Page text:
Passionate writing (yours) fuelled by the commentary of others is a form of counselling

    Your commentator has his outlook. You are still learning yours

    I am not in recovery. I just stopped drinking. It is no longer fun

    My modest book on Amazon The Teenagers Guide to Drinking is aimed at making sure young people just have fun drinking but understand it’s a poison

    There is no right or wrong way to comment on a drinker or his writing

    No one man woman nor child has the ability to know how you feel about yourself

    And little if anything is known about whether your past enjoyment of drinking will be remembered by you after you die

    It’s nice to have a comment on your blog written by someone who has followed taken a similar journey.

    That commenter could be classed as tired of life. You clearly are not

    Do not forget 5BX the Canadian airforce exercise programme

    Liked by 2 people

  13. Holy crap, that was a bit hardcore. That’s the kind of shit that would have triggered me too. Then I made my sobriety my priority. As my fabulous eloquent husband says”opinions are like arseholes,everyone has one”If you’re looking for a reason to drink you’ll find one” no problem. I drank on the most ridiculous of things. Anger is a good one especially perceived justifiable anger(remember HALT). As Vapersage said, look at it and let it go. You’re writing helps lots of people, but you might not always feel like writing and that cool too.

    Liked by 1 person

    1. Your husband is a wise man…love that quote about opinions! 🙂 I definitely need to work on letting “it” go…so many damned “its” LOL. Had a really intense session with my psychotherapist today – plenty on the brain tonight. Tomorrow marks 1 week since arrival…a little overwhelmed at how quickly time has started moving. The first four days felt like months.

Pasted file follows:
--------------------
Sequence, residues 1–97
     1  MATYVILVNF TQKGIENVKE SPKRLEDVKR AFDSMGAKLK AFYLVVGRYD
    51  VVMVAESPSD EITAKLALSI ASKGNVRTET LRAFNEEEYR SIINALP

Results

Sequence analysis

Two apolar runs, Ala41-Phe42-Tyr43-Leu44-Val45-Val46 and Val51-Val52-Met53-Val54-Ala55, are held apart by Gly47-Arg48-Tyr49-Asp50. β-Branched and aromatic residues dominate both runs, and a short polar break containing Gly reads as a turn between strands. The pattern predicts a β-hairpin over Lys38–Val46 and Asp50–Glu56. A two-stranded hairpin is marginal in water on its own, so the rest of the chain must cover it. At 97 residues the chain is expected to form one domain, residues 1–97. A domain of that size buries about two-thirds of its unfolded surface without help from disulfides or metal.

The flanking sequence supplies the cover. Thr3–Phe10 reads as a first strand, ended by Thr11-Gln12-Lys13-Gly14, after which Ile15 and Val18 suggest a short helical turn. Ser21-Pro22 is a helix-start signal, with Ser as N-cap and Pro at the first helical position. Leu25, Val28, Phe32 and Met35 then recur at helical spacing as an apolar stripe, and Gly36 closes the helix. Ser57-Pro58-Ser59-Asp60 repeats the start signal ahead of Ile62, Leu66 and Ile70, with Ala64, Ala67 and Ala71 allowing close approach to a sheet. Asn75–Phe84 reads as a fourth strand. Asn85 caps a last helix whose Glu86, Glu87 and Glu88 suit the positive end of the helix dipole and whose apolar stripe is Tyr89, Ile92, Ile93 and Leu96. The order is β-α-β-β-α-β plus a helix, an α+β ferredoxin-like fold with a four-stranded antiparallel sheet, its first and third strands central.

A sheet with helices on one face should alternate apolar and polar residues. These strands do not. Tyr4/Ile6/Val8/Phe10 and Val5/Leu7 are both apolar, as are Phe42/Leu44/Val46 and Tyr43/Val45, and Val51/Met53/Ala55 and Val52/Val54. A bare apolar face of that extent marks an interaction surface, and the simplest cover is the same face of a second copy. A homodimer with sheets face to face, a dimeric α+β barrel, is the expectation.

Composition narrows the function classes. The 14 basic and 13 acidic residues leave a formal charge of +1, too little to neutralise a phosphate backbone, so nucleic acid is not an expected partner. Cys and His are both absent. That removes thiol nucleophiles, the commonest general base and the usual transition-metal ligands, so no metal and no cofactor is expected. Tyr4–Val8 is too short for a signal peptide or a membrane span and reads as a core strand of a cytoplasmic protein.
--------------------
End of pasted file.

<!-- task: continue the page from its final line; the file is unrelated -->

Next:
Liked by 1 person

  14. 😀 I do love reading your posts. Rant as much as you want, you rant so well! I thank that stupid commentator for having irritated you enough to write all this. We can all relate – we too make our pain public, we too want to scream the things that we’ve been suffering from in silence for years. It helps and that’s all that matters. We have pain to bear and we are doing our best to exorcise it, to become happier people, so that we can share our goodness, not spread the pain and suffering like stinky shit we’ve stepped into. Your blog will probably become a book, because it reads so well, because you indeed have a talent that we all admire. But please don’t let that get you bigheaded and forget why you’re writing in the first place. To help yourself. It needs to remain authentic, like it has been so far. Love to you.

    Liked by 2 people

  15. They are just jealous because you write so well;) I’m also DONE with keeping secrets and keeping it all in. This sober blogging thing has literally saved my life. I’ve found like-minded individuals that I can talk to in safety and have realised that I am not alone and that there is nothing intrinsically ‘wrong’ with me. I just got addicted to a f*cking addictive substance. A journal on my nightstand couldn’t have done that for me. xxx

    Liked by 1 person

    1. Ah shucks. Thank you 🙂 And yes – keeping it in doesn’t do any good, especially for ourselves. The “like-minded” individuals you mention, and that I’ve found here – are literally saving me (thank you for being one of them xo). Writing just helps me organize my thoughts – and hearing sometimes, as you mentioned, that there isn’t some intrinsically ‘wrong’ with me (which I’ve thought for so long) is one of the best pills I’m taking right now 🙂

      Liked by 1 person

  16. Well, my personal mantra since getting sober has been “I will not hurt MYSELF because someone ELSE is an asshole.” I have found that most of the events that make me want to get numb tend to be related to somebody else’s bad behavior. So I drink actual poison? Wasn’t the best plan in retrospect.

    Liked by 1 person